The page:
Although I was only planning to update this blog perhaps a couple of times a month, I already felt inspired by a recent event I participated in, the 3rd annual Asia Environment Lecture, which is jointly organised by NUS’ Master of Science in Environmental Management and Bachelor of Environmental Studies (BES) Programmes and the NUS Law Faculty’s Asia-Pacific Centre for Environmental Law. As a BES lecturer, I not only attend the lecture, but also get to interact with speakers. Our speaker this year was Christine Ervin, a world expert on green building. Before I describe my experience, I’ll give you a bit of background info about Ms Ervin, but you can find out more from her website.
Ms Ervin is a strong champion of the environment and sustainability, and has held leadership positions in pretty much every sector you can imagine. This includes NGOs – she was a Project Director for WWF, where she handled the prevention of pollution and life-cycle assessments (LCAs). If you aren’t familiar with LCAs, these essentially document all the various impacts of a given product or service. She has also worked in government, at state and federal levels. She was Director of the Dept of Energy of Oregon and Assistant Director for the Planning and Budget Agency of Missouri. During Bill Clinton’s term, from 1993 to 1997, she was Assistant Secretary for the US Dept of Energy, where she handled a 1B dollar portfolio of programmes related to energy efficiency and renewable energy. After serving in Washington DC, she entered the private sector, as the first President and CEO of the US Green Building Council, which, under her guidance, grew tremendously and developed the LEED green building scheme. Illustrious career, no?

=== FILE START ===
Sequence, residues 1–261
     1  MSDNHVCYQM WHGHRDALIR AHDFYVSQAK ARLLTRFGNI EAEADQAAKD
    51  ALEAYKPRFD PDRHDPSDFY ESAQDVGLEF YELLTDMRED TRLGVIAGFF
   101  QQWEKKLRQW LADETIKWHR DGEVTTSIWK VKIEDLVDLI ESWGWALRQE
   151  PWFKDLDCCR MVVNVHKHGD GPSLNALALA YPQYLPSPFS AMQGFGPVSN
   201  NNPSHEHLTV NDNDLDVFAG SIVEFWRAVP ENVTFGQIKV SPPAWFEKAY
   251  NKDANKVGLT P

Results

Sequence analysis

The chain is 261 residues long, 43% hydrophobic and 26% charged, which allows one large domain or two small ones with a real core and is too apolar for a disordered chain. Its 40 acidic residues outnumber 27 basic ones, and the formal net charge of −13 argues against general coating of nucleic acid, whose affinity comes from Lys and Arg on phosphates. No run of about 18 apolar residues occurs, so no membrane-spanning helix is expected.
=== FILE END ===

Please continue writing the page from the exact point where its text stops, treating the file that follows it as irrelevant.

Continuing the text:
She came to Singapore with her husband, Dr David Ervin, who is no less interesting. He’s a Professor of Environmental Management and Economics at Portland State University. I enjoyed meeting him because one of his research interests is ecosystem services for urbanising areas, and hope to connect with him further about that.